This post describes how to enable (delayed) hibernation on Arch Linux. It is less for tutorial purposes and more to allow me to make a note to myself of one of the many crazy customizations I have done on Arch Linux in case I need to do them again someday.
The final goal is to be able to close your laptop lid, and let your system go into the suspended state, and if you don’t open your lid for a couple of hours, automatically hibernate to disk.
Most of the instructions are taken from the Arch Wiki.
- Your system is running with systemd and grub2
- Suspend already works without issues.
To enable hibernate:
This a condensed version of the instructions on the power management page on the arch wiki:
- The file
/sys/power/image_sizelists the size of the hibernate image created (in bytes). Since you’re hibernating to your swap partition, make sure the size listed in this file is less than or equal to the size of your swap partition
- You can find your swap partition by running
lsblkand seeing which partition has
[SWAP]listed next to it.
- Edit the variable
GRUB_CMDLINE_LINUX_DEFAULTin the file
resume=/dev/sda1to the string, assuming
/dev/sda1is your swap partition.
- Then run
grub-mkconfig -o /boot/grub/grub.cfgto regenerate your
- Edit the variable
HOOKSin the file
/etc/mkinitcpio.confto add the
resumehook. Make sure you add it after the
HOOKSlooks like this:
HOOKS="base udev resume autodetect modconf ..."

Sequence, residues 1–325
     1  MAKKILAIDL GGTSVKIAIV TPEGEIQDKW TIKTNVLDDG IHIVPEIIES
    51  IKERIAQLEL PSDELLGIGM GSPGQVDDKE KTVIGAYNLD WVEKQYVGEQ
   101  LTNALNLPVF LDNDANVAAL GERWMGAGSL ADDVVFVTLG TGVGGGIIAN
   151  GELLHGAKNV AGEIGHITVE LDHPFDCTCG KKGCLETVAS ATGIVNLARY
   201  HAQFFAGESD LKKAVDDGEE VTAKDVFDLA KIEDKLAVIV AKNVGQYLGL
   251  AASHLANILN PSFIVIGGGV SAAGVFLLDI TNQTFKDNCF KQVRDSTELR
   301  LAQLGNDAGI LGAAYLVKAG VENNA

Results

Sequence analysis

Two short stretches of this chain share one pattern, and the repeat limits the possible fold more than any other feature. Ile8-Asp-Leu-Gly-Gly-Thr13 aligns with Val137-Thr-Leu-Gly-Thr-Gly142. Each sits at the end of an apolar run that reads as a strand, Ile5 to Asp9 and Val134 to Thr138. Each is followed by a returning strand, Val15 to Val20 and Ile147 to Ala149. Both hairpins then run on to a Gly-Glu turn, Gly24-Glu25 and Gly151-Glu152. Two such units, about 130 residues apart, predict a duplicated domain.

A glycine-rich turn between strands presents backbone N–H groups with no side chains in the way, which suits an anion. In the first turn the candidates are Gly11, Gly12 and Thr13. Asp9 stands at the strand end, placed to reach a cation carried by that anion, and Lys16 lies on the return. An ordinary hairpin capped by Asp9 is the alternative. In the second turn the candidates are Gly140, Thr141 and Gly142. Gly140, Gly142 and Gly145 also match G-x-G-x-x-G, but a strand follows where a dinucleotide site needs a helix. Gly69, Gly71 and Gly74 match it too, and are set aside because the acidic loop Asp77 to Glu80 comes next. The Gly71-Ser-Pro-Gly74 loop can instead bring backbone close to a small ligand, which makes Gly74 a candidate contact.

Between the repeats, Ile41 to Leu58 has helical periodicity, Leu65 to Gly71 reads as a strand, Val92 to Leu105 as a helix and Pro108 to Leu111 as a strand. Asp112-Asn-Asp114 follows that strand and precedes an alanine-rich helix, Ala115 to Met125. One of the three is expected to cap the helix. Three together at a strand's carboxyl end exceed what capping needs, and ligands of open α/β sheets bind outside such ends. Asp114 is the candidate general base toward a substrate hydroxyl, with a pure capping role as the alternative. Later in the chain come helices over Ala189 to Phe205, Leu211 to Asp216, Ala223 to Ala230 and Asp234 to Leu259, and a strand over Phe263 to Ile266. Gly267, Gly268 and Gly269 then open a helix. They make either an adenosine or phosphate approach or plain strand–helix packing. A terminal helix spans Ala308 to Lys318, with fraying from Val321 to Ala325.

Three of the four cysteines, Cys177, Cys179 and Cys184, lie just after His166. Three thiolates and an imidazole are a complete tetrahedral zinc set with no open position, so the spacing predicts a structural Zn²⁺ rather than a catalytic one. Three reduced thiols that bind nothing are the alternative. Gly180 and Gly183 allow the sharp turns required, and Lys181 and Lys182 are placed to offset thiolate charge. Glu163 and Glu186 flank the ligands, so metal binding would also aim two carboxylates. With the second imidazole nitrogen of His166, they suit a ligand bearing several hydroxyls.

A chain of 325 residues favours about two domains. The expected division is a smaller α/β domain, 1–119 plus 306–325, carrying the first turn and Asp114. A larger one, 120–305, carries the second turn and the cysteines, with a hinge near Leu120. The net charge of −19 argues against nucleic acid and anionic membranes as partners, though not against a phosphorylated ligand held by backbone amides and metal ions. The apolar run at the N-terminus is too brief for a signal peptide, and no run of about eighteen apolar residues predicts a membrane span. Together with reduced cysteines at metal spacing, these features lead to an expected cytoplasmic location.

- Then run
mkinitcpio -p linuxto rebuild the initramfs.
That’s it. Now your should be able to hibernate by typing in
To enable delayed hibernation:
What this does is suspends your laptop when you close the lid. Then, if the laptop hasn’t been used in 2 hours, it hibernates the laptop to disk.
- Create a file
/etc/systemd/system/suspend-to-hibernate.servicewith the following contents:
[Unit] Description=Delayed hibernation trigger Documentation=https://bbs.archlinux.org/viewtopic.php?pid=1420279#p1420279 Documentation=https://wiki.archlinux.org/index.php/Power_management Before=suspend.target Conflicts=hibernate.target hybrid-suspend.target StopWhenUnneeded=true [Service] Type=oneshot RemainAfterExit=yes Environment="WAKEALARM=/sys/class/rtc/rtc0/wakealarm" Environment="SLEEPLENGTH=+2hour" ExecStart=-/usr/bin/sh -c 'echo -n "alarm set for "; date +%%s -d$SLEEPLENGTH | tee $WAKEALARM' ExecStop=-/usr/bin/sh -c '\ alarm=$(cat $WAKEALARM); \ now=$(date +%%s); \ if [ -z "$alarm" ] || [ "$now" -ge "$alarm" ]; then \ echo "hibernate triggered"; \ systemctl hibernate; \ else \ echo "normal wakeup"; \ fi; \ echo 0 > $WAKEALARM; \ ' [Install] WantedBy=sleep.target
- Then copy
/etc/systemd/systemand edit it to add
Requires=suspend-to-hibernate.serviceto it (source):
cp /usr/lib/systemd/system/suspend.target /etc/systemd/system && \ echo "Requires=suspend-to-hibernate.service" >> /etc/systemd/system/suspend.target
- Enable the suspend-to-hibernate.service using systemctl:
systemctl enable suspend-to-hibernate.service
And that’s it. Now you can close your laptop lid, and open it after a long time without your battery having run out!